And the contested races are naturally where the most money is spent specifically on advertisments for local newspapers and radio spots, according to the candidates' reports.
These reports, which Nuhn will send off to tile Texas Secretary of State’s Office, were for the final reporting period from Sept. 20' TI. 23) p. ior lo the Nov. 2 general election.
Candidates are also required to file one final report declaring all their contributions and campaign expenditures I for the entire campaign including the May primary» no later than 30 days after the election. Nuhn said.
In the race lur County Judge, being sought by Republican candidate Fred Clark and Democrat Chester Belli, Clark has spent approximately $5,865 “total contributions to date.” according to his report.
He listed his expenditures as being approximately, $1,282. This figure was just for the final reporting period, however, and not the total campaign.
Other than a folder with his name on it. Nuhn’s office had no record of Behl’s campaign expenditures and contributions.
See CAMPAIGN, Page 16Absentee vote total continues to climb
Absentee voting totals for the general election have already gone over the expectations of County Clerk officials and there’s still one day left to go.
As of Thursday morning. 551 county residents had voted absentee. Of these, 451 were personal appearance votes and HH) were inail-in” absentee votes, Deputy County Clerk Linnell Hinojosa said
But that's not all of it there are still 106 "mail-in” absentee ballots which have not yet been returned,
Hinojosa noted Of these 106, she s expecting approximately half of them to be returned.
“A lot of them are from overseas and it takes longer to get them back,” she explained.
In person absentee voting w ill continue at the County Clerk’s office through Friday from 8 am. to 5 p.m. “Mail-in” absentee ballots will continue to be accepted through t mail uni ' Nov. 2 at 7 p.m.. Hinojosa said *+
Anyone who expects to be absent from the county on election day. or win* is over 65, or who is unable to appear at the polls because of sickness or physical disability, is able to vote absentee.
When absentee voting first began two weeks ago.
Hinojosa predic ted that as many as 400 of the county’s total registered voters would vote absentee in this election.
A week later, however, after absentee voting had picked up considerably. Hinojosa increased her prediction to "more than 400 ”
We may even make 500," she said at that time. And now. with one day left to vote absentee, “we’re over that, she said Thursday.
Hinojosa c redits the six locally contested races with drawing in absentee votes. These six include the race for County Judge. County Clerk. Justice of the Peace, precinct I and County Commissioner precincts 2, 3 and 4.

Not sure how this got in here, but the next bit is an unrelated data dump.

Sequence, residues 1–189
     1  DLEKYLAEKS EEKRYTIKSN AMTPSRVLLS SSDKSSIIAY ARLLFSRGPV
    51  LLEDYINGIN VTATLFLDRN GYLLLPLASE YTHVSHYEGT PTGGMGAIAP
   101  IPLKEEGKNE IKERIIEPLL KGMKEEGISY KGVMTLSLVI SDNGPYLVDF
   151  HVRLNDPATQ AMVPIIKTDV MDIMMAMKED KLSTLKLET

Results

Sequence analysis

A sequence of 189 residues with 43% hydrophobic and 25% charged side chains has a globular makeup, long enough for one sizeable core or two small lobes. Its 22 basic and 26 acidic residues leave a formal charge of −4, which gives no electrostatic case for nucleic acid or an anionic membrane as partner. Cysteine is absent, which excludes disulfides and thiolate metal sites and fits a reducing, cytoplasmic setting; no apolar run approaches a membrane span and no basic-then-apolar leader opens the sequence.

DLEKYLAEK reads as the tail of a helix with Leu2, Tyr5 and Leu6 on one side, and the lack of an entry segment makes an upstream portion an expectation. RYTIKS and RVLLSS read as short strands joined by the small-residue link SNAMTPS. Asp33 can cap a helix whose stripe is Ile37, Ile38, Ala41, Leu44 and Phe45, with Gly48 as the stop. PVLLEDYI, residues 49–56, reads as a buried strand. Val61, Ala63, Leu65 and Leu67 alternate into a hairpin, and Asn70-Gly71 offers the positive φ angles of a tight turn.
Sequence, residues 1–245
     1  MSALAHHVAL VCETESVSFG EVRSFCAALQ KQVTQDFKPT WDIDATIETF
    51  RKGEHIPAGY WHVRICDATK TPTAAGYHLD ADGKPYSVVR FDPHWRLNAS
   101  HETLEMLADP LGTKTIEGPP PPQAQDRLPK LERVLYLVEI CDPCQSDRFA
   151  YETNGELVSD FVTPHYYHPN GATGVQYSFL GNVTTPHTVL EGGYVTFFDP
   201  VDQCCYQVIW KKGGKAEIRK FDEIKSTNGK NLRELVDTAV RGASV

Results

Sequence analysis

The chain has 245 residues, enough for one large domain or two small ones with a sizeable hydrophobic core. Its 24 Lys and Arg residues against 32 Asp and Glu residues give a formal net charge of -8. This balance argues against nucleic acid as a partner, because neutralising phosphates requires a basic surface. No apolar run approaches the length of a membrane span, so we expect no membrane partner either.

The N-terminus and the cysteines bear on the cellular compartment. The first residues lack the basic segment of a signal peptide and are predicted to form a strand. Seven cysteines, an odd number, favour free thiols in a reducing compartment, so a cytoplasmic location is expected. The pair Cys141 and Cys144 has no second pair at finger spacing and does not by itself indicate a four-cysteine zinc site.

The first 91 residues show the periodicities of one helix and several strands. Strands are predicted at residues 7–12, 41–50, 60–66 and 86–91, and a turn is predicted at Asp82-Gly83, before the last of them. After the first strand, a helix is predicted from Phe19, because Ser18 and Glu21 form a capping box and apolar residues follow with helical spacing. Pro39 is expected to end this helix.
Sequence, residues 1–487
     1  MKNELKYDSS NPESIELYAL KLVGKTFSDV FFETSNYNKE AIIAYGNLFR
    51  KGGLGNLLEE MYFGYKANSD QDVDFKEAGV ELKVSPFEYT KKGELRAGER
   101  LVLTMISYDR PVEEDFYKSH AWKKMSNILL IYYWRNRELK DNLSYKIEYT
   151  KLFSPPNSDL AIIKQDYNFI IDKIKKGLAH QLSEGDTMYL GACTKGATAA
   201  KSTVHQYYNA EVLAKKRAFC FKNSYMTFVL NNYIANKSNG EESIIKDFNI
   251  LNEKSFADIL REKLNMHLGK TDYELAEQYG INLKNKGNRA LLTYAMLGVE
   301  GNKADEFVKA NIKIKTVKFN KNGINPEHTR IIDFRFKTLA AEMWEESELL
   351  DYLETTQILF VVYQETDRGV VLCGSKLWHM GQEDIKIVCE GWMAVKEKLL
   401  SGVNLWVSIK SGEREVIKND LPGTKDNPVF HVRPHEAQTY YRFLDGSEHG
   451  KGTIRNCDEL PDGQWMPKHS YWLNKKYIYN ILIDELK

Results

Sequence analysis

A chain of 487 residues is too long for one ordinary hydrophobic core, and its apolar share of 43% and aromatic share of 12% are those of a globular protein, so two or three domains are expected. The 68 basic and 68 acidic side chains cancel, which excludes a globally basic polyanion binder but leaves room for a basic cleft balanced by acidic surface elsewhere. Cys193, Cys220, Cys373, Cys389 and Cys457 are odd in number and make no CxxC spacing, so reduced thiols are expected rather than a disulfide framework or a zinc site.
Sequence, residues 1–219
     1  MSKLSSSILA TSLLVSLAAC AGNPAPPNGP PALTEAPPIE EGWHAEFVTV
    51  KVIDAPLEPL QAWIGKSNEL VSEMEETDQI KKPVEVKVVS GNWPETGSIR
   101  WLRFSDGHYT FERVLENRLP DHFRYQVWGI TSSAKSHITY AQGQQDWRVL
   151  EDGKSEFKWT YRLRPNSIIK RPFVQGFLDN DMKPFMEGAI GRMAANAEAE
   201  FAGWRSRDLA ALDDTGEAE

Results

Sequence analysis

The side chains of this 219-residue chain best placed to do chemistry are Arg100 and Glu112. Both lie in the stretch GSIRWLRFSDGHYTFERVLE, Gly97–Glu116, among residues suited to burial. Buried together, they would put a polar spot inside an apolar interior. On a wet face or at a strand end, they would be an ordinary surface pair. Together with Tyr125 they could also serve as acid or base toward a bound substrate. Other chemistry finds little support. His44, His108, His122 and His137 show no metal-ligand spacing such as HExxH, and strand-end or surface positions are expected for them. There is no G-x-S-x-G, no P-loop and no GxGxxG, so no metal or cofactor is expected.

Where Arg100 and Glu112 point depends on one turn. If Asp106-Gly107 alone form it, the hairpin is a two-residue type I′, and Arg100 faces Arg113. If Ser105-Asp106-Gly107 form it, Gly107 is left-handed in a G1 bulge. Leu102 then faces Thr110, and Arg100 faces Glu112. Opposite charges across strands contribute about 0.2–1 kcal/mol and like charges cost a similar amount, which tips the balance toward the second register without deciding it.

Off limits?State may remove VD data from texts
AUSTIN i AB I Texas sc hool offic ials say they are considering banning mention of venereal disease from textbooks on grounds such matters should be left to the discretion of local districts.
“The bottom line issue is, when you re talking about sexually transmitted diseases, you’re relating it to, How do you get it?’" Tom Anderson. Texas Education Agency deputy commissioner, said Wednesday.
Education Commissioner Ray mon Bynum last week sent letters to publishers of five series of health text books that were up for adoption, advising them to “delete all reference to venereal diseases and sexually transmitted diseases.”
Bynum said the VI) issue was under study and no decision has been made He said the state Board of Education meets Nov. 13 to adopt the new list of approved textbooks and he will ask then that the dec ision on health books be postponed until January.
Anderson said, “We've got 1,100 school districts, and what may be an attitude about the public schools delivering that kind of information to students in an urban distric t may be significantly different from the* attitude in a suburban or rural distric t.”
The books ill question are for grades 4 through 8. Texas is the second-largest public school textbook market in the nation and VI) has been mentioned in two
textbooks used iii the state since 1974.
School board member Volly Vastme Jr. said Houston residents have been stopping him on the street, say ing they don’t like the proposal. “I’m a little concerned about it. Iii my district in Harris County, VI) is on the rise," Vastine said.
Texas ranks second in the nation in jeer capita incidence of infectious syphilis and 12th in reported cases of gonorrhea, according to the State Health Department.